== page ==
60. Greece’s main preoccupation in the years following the First World War, so the Court was informed, was to guard against the revival of Bulgarian aspirations to recover direct access to the Aegean Sea which it had lost as a result of the territorial changes effected by the peace treaties. By the Treaty of Neuilly of 27 November 1919, Bulgaria had renounced all its rights and titles over areas of Thrace, but the Principal Allied and Associated Powers at the same time “undertook to ensure the economic outlets of Bulgaria to the Aegean Sea” (Art. 48). Article 4 of the Treaty of Sevres of 10 August 1920 relating to Thrace, put into force by Protocol XVI of the Lausanne Conference, provided that Greece “in order to ensure to Bulgaria free access to the Aegean Sea” recognized her freedom of transit “over the territories and in the ports assigned to Greece under the present Treaty”. The expectation that Bulgaria might seek to secure a revision of this territorial settlement was the source of Greece’s preoccu­pation and, also, as will be shown shortly, its motive for inserting in its declaration under the optional clause a reservation of disputes relating to its territorial status. In the present connection, however, what needs to be emphasized is that the territorial settlement, against the revision of which Greece’s “territorial status” reservation was designed to provide a safe­guard, consisted essentially of a complex of rights and obligations estab­lished by treaties. Consequently, having regard to the implications of the Nationality Decrees Opinion, that territorial settlement was by its very nature one which could not legally be considered as capable of falling within the concept of questions of domestic jurisdiction. It follows that, by integrating its territorial status reservation into its reservation of questions of domestic jurisdiction, Greece would automatically have deprived itself of the protection which the former reservation would otherwise have given it against attempts to use the General Act as a means of effecting a revision of the territorial settlement established by the peace treaties.

61.This basic objection to the Greek Government’s way of interpreting reservation (b) is not removed by another suggestion made in the public hearings. This was that the series of treaties connected with the territorial arrangements and the treatment of minorities provided their own special procedures for the settlement of disputes, which had priority over those of the General Act under Article 29, so that an autonomous reservation of disputes relating to territorial status was not really indispensable to Greece. The difficulty with this suggestion, however, is that these proce­dures by no means covered all possible claims relating to territorial status and to rights of sovereignty over ports and lines of communication. It is true that the Treaty of Neuilly provided for recourse to the Permanent Court or to other methods of pacific settlement on questions relating to minorities and certain other matters, but special procedures were never established for the settlement of disputes concerning the parts of the Treaty dealing with Bulgaria’s economic outlet to the Aegean Sea.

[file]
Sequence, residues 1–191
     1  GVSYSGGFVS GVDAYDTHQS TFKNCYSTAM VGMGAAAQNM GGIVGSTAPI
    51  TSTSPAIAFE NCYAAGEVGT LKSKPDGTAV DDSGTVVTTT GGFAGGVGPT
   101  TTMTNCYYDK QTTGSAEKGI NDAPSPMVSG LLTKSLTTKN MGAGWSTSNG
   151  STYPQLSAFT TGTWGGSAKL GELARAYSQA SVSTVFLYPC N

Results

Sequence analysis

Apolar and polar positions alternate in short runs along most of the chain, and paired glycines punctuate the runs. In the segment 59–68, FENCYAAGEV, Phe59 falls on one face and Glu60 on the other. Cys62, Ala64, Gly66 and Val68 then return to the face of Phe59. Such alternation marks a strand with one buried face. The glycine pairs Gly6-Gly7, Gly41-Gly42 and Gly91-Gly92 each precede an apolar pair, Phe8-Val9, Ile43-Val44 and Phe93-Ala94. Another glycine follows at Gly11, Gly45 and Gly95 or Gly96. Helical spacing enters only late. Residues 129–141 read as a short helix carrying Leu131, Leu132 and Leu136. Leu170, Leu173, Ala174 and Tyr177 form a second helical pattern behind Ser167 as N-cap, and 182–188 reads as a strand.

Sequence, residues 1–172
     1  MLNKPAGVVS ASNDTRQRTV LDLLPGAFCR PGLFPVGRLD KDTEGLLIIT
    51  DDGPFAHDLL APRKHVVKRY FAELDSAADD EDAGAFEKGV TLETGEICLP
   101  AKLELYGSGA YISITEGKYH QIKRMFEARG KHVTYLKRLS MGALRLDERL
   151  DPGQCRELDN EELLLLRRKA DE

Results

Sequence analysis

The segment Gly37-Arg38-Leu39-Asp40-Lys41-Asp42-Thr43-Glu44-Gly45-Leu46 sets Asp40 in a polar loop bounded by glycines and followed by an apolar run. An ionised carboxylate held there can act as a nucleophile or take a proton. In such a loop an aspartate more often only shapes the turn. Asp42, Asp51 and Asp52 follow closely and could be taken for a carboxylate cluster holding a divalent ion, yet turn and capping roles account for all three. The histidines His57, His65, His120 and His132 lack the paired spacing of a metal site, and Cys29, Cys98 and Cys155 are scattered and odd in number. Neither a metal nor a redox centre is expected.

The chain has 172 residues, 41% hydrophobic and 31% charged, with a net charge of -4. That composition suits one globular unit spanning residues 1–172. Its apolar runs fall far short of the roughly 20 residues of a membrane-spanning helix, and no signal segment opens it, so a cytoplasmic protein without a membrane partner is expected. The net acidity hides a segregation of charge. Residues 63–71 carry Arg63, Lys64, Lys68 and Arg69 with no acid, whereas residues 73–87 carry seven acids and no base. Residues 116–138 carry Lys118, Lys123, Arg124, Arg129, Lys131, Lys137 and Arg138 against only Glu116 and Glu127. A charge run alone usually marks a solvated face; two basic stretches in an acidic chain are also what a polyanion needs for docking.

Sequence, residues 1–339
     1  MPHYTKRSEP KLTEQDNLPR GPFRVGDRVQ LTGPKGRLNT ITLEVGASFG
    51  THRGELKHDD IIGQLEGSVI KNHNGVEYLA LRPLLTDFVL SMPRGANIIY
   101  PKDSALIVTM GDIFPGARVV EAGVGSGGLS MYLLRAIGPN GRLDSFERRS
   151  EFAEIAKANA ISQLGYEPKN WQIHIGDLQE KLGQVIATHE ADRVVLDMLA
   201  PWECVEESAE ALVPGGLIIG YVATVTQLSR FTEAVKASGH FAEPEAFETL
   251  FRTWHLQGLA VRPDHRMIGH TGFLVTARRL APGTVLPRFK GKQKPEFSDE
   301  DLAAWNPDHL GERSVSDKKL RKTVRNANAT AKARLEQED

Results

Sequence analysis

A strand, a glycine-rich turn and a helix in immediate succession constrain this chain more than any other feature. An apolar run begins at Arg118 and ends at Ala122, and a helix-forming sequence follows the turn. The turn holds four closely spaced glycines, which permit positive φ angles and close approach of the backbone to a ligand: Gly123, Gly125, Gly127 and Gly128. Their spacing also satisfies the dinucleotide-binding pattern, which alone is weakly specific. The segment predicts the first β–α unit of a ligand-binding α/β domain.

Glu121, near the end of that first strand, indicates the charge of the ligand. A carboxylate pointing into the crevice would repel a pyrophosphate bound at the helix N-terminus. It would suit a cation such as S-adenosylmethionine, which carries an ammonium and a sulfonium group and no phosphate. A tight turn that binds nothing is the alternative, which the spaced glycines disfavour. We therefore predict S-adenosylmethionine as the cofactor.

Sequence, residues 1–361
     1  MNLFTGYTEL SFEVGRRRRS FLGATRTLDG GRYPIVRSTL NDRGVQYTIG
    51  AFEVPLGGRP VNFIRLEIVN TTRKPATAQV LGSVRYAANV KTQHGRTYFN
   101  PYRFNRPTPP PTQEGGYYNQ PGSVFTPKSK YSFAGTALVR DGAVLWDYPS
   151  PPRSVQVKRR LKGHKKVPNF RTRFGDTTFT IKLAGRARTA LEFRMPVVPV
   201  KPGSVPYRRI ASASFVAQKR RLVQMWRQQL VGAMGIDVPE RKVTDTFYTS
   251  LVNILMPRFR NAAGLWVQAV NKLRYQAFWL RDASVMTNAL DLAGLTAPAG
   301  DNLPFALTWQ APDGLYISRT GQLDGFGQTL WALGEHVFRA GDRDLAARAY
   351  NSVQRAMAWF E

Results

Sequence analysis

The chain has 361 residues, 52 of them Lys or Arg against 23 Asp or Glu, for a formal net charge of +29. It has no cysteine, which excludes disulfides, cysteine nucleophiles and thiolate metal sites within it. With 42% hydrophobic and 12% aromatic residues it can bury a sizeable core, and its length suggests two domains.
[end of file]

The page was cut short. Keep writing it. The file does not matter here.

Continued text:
1. The Court is not, therefore, convinced by the several explanations which have been put forward to account for the difference between Greece’s territorial status reservation in its declaration under the optional clause and that in its instrument of accession to the General Act, if the latter instrument is given the meaning contended for by Greece. It also appears significant that no support for any of these explanations can be found in the contemporary evidence placed before the Court relating to the making of Greece’s declaration under the optional clause in 1929 and to the deposit of its instrument of accession in 1931. This evidence will now be examined.